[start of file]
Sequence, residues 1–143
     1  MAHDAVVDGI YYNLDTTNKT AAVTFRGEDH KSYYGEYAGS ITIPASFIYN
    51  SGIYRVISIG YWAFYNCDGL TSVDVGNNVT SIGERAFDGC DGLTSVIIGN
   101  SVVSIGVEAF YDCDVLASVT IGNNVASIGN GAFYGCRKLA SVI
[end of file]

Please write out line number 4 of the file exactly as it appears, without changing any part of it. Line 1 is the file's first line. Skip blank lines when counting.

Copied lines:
   101  SVVSIGVEAF YDCDVLASVT IGNNVASIGN GAFYGCRKLA SVI